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If I study well I'll get an A+

Or

When I study well I'll get an A+

I want to say that presently I'm studying well so I'll certainly get an A+

So I'm sceptical about both

Because if is used for possible or unreal situations

And when is used with future constructions which are certain.

So i guess these both wont work here

But when also mean considering that

So i guess in that case when can be used for present

When(considering that) I study well(presently). I'll definitely get an A+

1

Neither "if" nor "when" is enough in this case on their own to express what you want. Instead, you need to use a future continuous construction that adds in a few other words to explain the continuation. Here's a good way to say it:

If I keep studying well I'll get an A+

"If" is still there, since you do need to express uncertainty, but now the uncertainty is clearer: whether or not you'll "keep" (persist, continue) a present state, backed up by the continuous tense in the gerund form of the original verb "study".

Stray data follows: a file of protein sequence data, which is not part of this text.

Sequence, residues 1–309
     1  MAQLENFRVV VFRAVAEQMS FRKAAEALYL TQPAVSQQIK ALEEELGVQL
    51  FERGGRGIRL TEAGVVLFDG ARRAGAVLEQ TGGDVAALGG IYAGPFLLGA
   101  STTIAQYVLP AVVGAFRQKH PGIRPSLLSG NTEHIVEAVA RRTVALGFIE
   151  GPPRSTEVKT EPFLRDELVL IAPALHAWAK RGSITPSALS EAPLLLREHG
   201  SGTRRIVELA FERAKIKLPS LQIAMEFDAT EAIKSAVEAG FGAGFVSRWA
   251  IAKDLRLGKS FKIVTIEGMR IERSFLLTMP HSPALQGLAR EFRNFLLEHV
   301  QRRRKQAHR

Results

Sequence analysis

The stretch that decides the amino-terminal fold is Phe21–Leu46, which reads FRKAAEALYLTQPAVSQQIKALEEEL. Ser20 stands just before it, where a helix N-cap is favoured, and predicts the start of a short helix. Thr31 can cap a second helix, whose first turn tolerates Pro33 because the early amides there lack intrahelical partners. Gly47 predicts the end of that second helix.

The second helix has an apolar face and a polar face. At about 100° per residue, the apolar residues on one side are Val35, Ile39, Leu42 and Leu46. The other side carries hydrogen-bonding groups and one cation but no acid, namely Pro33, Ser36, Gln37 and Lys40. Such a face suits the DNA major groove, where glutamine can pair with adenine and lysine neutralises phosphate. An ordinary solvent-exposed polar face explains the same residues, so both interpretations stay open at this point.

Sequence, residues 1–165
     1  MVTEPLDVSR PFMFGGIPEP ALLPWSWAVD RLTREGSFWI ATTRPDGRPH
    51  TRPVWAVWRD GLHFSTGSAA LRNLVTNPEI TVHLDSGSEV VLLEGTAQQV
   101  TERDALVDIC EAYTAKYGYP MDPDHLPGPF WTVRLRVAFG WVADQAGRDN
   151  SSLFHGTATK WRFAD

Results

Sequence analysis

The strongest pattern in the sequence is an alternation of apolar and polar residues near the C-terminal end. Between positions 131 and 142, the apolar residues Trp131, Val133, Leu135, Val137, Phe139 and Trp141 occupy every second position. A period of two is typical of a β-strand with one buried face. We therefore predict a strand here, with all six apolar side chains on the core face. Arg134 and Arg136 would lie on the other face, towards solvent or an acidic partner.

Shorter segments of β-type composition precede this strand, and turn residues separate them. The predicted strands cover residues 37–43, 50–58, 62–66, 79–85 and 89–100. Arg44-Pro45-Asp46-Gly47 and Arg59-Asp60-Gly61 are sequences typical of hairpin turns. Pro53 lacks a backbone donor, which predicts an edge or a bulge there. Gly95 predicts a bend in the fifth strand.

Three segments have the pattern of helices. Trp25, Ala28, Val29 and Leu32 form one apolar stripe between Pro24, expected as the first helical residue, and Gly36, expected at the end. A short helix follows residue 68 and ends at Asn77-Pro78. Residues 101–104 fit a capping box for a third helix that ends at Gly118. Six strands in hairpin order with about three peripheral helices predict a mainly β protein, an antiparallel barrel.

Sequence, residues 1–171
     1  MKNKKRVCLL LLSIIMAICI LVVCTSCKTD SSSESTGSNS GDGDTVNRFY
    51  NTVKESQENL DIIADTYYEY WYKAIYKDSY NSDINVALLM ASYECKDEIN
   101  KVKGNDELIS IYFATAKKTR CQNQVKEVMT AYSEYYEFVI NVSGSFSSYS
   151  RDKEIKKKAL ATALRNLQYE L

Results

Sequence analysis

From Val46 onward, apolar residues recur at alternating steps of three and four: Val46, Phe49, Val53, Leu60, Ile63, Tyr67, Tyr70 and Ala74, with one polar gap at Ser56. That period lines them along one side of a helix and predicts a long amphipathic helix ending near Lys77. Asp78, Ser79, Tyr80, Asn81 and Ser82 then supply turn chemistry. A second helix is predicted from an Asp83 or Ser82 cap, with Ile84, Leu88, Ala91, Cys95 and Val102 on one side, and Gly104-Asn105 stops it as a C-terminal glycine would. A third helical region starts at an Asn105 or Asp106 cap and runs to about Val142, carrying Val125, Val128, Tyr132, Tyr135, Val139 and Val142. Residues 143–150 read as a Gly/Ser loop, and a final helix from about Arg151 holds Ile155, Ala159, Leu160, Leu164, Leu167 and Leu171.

You can't really do the same thing with "when", since it expresses a certain relationship. The only thing you could say is

When I study well I [always] get an A+

This expresses present habit based on past experience that can plausibly be extended into the future. But it strongly implies that you've had enough experience studying well and getting A+ accordingly that you're confident in the pattern, which may or may not be the case.

3
  • Yeah. I never thought it this way 😋.
    – user236989
    Nov 19 '17 at 14:25
  • Btw can't I use when for present. When(considering that,in the view of the fact) I study well(currently) I'll definitely get an A+
    – user236989
    Nov 19 '17 at 14:28
  • @user236989: Addressed that, I think. Nov 19 '17 at 14:35

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